Street vendors’ stalls vandalised
Built in 2014, the stalls have never been used by traders
Stalls for street vendors in Imbali in Pietermaritzburg have been vandalised and are used as a place to drink and use drugs, says the local councillor.
The stalls, in Imbali Unit 3, were part of a 2014 project but have never been occupied. All ten rooms have been damaged, and the aluminium doors and windows and some of the piping stolen. The floors are littered with empty bottles of liquor and packets of condoms.
Ward councillor Xolani Ngongoma said some of the vendors had already signed a lease agreement but delays had exposed the place to vandalism. “It is very sad to see development collapsing in that manner. The place has become a drug nest.”
Squ Mawala, the owner of Amawala Construction, which is responsible for fixing the stalls, said he had fixed the damage twice already.
“The first time fixing the place, including the roof and plumbing, was R150,000. The placed was vandalized again. We fixed it for the second time for R250,000. The place has been vandalised again,” he said.
Mawala said he had deployed security guards, but they had been attacked.
“The other issue is that there are no street lights in Thwala Road. People had easy access at night to attack security guards. They are now using the place for smoking whoonga,” said Mawala.
Thando Khoza, who lives in the area, says learners from nearby schools come to the premises to smoke and drink alcohol.
“Go inside there, there are beer bottles and cigarette butts. They smoke whoonga and do anything they want,” he said.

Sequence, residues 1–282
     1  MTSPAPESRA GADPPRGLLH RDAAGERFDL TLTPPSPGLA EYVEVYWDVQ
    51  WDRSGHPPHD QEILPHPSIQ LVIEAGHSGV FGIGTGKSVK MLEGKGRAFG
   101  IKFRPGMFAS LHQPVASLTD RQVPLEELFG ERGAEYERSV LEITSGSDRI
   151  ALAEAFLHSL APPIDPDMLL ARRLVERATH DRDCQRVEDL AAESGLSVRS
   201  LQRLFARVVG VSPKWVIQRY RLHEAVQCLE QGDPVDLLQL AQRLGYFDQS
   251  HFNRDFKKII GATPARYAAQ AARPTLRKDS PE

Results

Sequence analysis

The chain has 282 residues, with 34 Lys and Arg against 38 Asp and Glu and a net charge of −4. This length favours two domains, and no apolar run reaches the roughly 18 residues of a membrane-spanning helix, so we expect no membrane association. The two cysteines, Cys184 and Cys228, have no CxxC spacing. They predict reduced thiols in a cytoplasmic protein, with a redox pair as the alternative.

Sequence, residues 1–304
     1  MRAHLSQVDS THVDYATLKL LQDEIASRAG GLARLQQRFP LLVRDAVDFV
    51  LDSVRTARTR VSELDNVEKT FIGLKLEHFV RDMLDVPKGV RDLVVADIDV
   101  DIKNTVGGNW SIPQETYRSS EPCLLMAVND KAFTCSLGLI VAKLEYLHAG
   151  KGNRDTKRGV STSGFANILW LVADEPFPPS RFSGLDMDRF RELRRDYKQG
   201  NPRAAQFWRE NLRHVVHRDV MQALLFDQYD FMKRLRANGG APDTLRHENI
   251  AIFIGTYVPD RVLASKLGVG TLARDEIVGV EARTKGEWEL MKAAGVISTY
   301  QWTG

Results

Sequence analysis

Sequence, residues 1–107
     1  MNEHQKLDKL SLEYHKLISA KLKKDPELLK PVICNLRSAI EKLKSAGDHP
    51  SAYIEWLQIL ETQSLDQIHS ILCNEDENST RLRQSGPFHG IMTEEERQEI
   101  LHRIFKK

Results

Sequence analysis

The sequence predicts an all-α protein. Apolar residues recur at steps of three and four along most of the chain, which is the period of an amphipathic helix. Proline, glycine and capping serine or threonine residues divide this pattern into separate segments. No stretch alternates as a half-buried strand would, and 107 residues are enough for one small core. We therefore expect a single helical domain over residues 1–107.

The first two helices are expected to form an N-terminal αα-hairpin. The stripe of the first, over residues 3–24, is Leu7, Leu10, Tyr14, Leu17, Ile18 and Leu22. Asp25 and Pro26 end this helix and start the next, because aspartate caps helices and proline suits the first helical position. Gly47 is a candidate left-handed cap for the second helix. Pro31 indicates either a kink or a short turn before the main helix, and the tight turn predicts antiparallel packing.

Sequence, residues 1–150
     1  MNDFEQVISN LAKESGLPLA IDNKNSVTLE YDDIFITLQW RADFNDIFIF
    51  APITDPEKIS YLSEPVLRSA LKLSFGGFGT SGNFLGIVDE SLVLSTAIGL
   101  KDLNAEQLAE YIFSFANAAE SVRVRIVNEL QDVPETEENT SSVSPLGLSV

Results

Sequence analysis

Ngongoma said he had held meetings with the municipality and the premises would be fixed.
Msunduzi municipality spokesperson Thobeka Mafumbatha also said the municipality was drawing up a plan and expected the stalls to be repaired and functioning by the beginning of next year.
“The contractor is aware of the vandalism on site and has committed to rectify and complete the works as specified in the contract at their own cost. The Msunduzi municipality has a plan in terms of the provision of security once the project has been handed back to the municipality by the contractor,” she said.
Mafumbatha said most of the stalls would be allocated to vendors who had been trading in the area for years.
But one of the street vendors, Jabu Hlongwa, who sells snacks outside Imbalenhle Clinic opposite the premises, said she had lost hope.
She said the traders had looked forward to having shelter from the sun and the rain. “It’s been years and we have given up. It is heart breaking. We see the place collapsing in front of our eyes,” said Hlongwa.
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